From the Journals

Use the stool! Fecal microbiota transplants help kids with diarrheal infection



Fecal transplants are safe and effective treatments for recurrent Clostridioides difficile infections in children, according to a clinical report released by the American Academy of Pediatrics (AAP).

However, fecal microbiota transplants (FMTs) should not be used to treat other gastrointestinal ailments such as Crohn’s disease or ulcerative colitis, because scientific evidence falls short on effectiveness in treating these conditions, the group said.

C. difficile infections (CDIs) are major contributors to hospital-associated diarrhea and diarrhea caused by antibiotics. An FMT involves introducing the feces of a healthy person into the gastrointestinal tract, usually through a nasogastric tube but sometimes in capsules containing healthy stool. Serious adverse reactions associated with an FMT, such as hospitalization, are rare, occuring in roughly 2% of case, the AAP said.

An FMT “does have a place for treatment of recurrent CDIs in children,” said Maria Oliva-Hemker, MD, a pediatric gastroenterologist at Johns Hopkins University School of Medicine in Baltimore and the lead author of the report, which was online in Pediatrics.

The AAP strongly encourages people not to perform an FMT at home, although caregivers may be tempted due to a lack of medical facilities located nearby to deliver this care.

“People might see a video on YouTube and think they can do this themselves,” Dr. Oliva-Hemker said.

An FMT requires screening of donors for any infections, which involves administering questionnaires and analyzing donor blood and stool, which are tasks better suited for medical facilities than for a living room.

No controlled or prospective clinical trials on the efficacy of FMT for children exist, according to the AAP. But a retrospective study published in 2020 showed that one or two courses of FMT prevented CDI recurrence in children 87% of the time. Researchers defined the eradication of CDIs as no recurrence for at least 2 months after an FMT and noted the success rates in children were comaparable to those reported in adults.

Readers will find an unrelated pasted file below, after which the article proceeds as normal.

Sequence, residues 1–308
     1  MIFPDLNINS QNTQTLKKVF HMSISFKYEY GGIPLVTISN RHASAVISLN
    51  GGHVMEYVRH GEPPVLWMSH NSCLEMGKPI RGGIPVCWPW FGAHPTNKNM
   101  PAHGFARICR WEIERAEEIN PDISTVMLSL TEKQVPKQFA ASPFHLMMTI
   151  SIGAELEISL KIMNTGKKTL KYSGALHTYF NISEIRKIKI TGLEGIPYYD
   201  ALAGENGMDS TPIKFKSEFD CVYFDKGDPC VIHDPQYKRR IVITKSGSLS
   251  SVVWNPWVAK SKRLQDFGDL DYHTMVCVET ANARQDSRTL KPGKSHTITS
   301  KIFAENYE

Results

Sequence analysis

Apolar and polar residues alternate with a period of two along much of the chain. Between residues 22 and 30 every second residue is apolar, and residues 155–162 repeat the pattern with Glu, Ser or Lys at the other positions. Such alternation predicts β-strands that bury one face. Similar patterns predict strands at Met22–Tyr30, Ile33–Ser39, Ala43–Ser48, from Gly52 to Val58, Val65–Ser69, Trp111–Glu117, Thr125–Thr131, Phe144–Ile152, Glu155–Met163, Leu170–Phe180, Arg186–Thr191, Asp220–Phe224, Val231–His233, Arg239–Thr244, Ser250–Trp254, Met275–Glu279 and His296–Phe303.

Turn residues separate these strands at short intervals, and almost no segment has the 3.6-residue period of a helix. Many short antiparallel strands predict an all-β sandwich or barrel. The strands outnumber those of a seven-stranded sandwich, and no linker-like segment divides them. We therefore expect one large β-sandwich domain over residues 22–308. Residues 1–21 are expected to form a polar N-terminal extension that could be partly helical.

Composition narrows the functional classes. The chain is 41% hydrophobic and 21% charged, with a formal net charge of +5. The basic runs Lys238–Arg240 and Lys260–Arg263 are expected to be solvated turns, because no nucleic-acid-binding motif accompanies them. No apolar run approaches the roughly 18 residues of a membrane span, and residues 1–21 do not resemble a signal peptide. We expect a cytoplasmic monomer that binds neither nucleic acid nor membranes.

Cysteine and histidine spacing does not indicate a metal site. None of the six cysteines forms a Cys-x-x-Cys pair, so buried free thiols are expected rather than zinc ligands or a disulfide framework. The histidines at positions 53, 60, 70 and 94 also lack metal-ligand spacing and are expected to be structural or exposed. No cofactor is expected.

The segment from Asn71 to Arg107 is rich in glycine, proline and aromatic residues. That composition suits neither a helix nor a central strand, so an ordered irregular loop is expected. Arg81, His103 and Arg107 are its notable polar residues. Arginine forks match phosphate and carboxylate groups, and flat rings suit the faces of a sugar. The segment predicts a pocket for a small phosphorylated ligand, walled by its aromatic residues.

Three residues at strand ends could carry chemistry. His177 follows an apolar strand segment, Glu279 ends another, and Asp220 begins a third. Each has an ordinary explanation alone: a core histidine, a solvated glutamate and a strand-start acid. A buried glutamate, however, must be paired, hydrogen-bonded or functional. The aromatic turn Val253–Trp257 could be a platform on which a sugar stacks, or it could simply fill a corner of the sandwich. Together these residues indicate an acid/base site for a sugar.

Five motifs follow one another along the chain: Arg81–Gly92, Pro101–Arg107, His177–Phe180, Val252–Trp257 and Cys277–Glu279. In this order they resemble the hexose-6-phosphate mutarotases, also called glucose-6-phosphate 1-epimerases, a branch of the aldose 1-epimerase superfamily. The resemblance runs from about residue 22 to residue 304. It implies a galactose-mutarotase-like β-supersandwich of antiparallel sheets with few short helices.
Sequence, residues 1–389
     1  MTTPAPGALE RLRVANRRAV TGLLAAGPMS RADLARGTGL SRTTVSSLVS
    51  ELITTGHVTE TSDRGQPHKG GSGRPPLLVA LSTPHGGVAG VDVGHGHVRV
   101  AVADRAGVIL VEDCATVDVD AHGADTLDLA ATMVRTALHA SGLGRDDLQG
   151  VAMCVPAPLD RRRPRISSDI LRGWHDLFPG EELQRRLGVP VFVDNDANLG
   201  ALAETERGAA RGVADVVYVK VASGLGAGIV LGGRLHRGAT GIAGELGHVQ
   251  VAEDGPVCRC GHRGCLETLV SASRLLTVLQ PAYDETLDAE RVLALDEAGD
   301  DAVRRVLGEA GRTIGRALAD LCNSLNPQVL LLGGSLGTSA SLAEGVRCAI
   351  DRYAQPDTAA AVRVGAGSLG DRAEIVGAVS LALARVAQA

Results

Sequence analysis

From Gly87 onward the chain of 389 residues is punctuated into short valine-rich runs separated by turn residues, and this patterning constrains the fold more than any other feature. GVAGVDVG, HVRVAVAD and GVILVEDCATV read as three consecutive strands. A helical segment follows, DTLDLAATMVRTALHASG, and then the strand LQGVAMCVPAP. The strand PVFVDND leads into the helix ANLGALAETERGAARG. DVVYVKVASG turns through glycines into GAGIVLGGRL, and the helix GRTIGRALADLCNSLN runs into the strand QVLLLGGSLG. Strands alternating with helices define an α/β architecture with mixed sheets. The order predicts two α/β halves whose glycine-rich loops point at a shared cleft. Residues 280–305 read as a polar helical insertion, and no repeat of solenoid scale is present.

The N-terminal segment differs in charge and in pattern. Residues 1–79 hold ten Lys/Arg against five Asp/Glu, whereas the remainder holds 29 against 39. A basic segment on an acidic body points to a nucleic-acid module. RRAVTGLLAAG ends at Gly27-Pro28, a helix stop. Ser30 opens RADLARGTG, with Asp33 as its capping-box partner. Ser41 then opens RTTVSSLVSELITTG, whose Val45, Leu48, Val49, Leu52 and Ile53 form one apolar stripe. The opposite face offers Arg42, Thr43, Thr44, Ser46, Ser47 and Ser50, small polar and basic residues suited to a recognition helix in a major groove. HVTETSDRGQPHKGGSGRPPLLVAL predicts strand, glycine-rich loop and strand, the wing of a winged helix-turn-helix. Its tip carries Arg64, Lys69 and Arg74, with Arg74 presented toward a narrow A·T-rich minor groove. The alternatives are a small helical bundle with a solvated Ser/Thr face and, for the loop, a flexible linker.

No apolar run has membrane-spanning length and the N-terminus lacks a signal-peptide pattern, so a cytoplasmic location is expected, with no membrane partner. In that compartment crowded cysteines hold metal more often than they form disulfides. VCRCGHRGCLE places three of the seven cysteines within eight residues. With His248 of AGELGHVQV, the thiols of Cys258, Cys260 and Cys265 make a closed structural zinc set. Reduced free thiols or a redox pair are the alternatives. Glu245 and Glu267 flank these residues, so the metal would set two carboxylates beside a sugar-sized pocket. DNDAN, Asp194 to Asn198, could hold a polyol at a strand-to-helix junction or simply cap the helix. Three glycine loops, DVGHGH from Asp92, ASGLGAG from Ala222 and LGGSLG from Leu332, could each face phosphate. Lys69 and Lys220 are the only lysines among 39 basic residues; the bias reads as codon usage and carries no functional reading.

Unlike pediatric data, adult data come from a randomized clinical trial.

“Sometimes, kids are the last people to be enrolled in these trials,” said Maribeth Nicholson, MD, MPH, a pediatric gastroenterologist at Vanderbilt University Medical Center in Nashville, Tenn., an author of the 2020 study.

Dr. Nicholson, who was not involved in the AAP report, said that the retrospective data are strong enough to justify using FMT to eradicate CDIs in children. But researchers are unclear about the biologic mechanisms that make FMTs work.

Dr. Nicholson said that many therapeutics meant to produce a healthier microbiome are being studied in clinical trials. Any clinical trials of such products should include children, Dr. Nicholson said. A child’s gastrointestinal microbiome is actively developing, Dr. Nicholson added, compared with the relatively stable microbiome of an adult.

“When we think about the microbiome it makes sense to target kids, because they’re more apt to respond to these therapies. I worry that somebody will say ‘this doesn’t work in adults,’ and it just stops there,” Dr. Nicholson said.

Though the AAP said that the benefits of FMT for treating CDIs are clear, the data available for treating other conditions such as ulcerative colitis or Crohn’s disease are less convincing. Any child receiving an FMT for these ailments should only do so as part of a clinical trial, the group said.

The AAP report endorses a joint position paper, published in 2019, about the benefits of FMTs for CDIs from North American and European pediatric gastroenterology societies. Dr. Nicholson was an author of this joint statement and hopes that the AAP report raises further awareness among pediatricians that FMTs are a safe and effective treatment for recurrent CDIs.

“This is something that maybe is not as discussed in pediatric circles. Kids need FMTs sometimes,” Dr. Nicholson said.

Dr. Oliva-Hemker and Dr. Nicholson report no relevant financial relationships.

A version of this article appeared on

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